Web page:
Because nothing is worse in an election season than rising gas prices.
The White House is "dusting off old plans" for a potential release of oil reserves to dampen prices and prevent high energy costs from undermining sanctions against Iran, a source with knowledge of the situation said on Thursday.
U.S. officials will monitor market conditions over the next few weeks, watching whether gasoline prices fall after the September 3 Labor Day holiday, as they historically do, the source said.
It was too early to detail the size of any release from the U.S. Strategic Petroleum Reserve and other international stockpiles if a decision to proceed was taken, the source said.
Oil prices have surged in recent weeks, with Brent crude prices closing in on $120 a barrel, up sharply from below $90 a barrel in June. The United States and other Group of Eight countries studied a potential oil release in the spring but shelved the plans when prices dropped.
As prices rise again, U.S. officials were now collecting information from the market about potential needs and studying futures, production numbers and data on Iranian oil exports.
"The driving force in this is both impact on the economy and impact on the Iran sanctions policy," the source said, noting that Washington did not want rising oil prices to create a windfall for Iran while international sanctions were having an effective impact on its crude exports and revenues.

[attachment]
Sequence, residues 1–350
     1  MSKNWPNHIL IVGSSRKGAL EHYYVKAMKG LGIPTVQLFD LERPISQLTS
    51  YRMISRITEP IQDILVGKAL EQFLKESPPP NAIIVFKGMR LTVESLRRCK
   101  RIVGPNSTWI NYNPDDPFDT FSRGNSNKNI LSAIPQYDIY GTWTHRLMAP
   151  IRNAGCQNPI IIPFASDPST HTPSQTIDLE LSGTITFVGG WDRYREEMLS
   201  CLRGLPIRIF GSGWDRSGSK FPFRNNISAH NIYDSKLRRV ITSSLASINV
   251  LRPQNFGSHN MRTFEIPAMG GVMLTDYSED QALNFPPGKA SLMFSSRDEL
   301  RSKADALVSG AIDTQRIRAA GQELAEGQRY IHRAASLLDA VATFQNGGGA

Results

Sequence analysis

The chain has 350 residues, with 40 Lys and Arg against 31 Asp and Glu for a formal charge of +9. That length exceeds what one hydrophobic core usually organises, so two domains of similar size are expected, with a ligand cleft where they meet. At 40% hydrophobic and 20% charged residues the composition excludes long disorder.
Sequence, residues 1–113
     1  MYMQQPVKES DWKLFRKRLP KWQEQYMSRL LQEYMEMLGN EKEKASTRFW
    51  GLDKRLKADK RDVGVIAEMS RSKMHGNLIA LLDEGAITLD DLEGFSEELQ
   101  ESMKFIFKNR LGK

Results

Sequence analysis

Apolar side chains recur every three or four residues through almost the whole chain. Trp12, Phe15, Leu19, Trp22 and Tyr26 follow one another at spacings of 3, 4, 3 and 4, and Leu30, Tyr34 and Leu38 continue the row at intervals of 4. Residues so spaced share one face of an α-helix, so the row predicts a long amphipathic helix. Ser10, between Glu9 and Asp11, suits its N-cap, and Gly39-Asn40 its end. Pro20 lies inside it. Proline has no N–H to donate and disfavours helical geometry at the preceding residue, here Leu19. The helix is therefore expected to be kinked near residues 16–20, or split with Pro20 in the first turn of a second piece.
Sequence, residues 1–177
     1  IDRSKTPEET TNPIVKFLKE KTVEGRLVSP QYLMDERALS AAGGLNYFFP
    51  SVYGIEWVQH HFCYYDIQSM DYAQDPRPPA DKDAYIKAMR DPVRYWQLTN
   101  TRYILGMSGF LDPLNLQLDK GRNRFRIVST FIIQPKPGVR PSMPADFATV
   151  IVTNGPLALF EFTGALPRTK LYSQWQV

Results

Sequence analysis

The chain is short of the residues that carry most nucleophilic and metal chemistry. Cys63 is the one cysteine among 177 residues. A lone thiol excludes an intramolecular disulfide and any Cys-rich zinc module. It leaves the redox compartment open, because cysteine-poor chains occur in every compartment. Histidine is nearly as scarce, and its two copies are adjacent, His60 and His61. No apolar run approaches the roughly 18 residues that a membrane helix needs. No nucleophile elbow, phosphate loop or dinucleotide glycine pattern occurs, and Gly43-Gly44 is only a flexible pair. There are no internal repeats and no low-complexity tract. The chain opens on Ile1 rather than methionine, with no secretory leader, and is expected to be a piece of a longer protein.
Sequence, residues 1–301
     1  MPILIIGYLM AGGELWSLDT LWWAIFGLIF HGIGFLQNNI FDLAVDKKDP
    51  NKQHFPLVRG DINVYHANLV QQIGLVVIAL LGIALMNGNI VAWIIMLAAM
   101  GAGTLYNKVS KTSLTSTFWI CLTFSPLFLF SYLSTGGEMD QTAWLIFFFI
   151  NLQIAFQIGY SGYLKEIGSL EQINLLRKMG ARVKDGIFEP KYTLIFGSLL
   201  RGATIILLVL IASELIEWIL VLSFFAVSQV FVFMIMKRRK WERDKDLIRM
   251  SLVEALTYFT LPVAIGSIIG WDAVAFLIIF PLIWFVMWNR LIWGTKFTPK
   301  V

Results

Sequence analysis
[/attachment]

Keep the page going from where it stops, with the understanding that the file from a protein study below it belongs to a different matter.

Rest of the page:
The United States has not yet held talks with international partners about a coordinated move. The source noted that Britain, France, Germany and other partner nations in the Paris-based International Energy Agency (IEA) were receptive to a potential release a few months ago when conditions were similar.
Those countries were concerned about the impact of high oil prices on the global economy and Iran then, and those concerns remain equally relevant now.
"The logic behind a potential release in the spring is at least if not ... more true today," the source said.
It's not the sanctions on the oil industry that are biting, but rather financial sanctions that have limited Iran's ability to conduct business with any of their trading partners. Credit markets are virtually closed off to them and trying to run a country from hand to mouth is nearly impossible. This has led to shortages and inflation which has made the Iranian people angry at their government.
Of bigger concern is the impact of increased oil prices on our fragile economy. But really, this move would be taken largely to keep the lid on gas prices until after the election. And if Iran and Israel go to war and we've diminished the SPR? Well, that's not as bad as Obama losing an election apparently.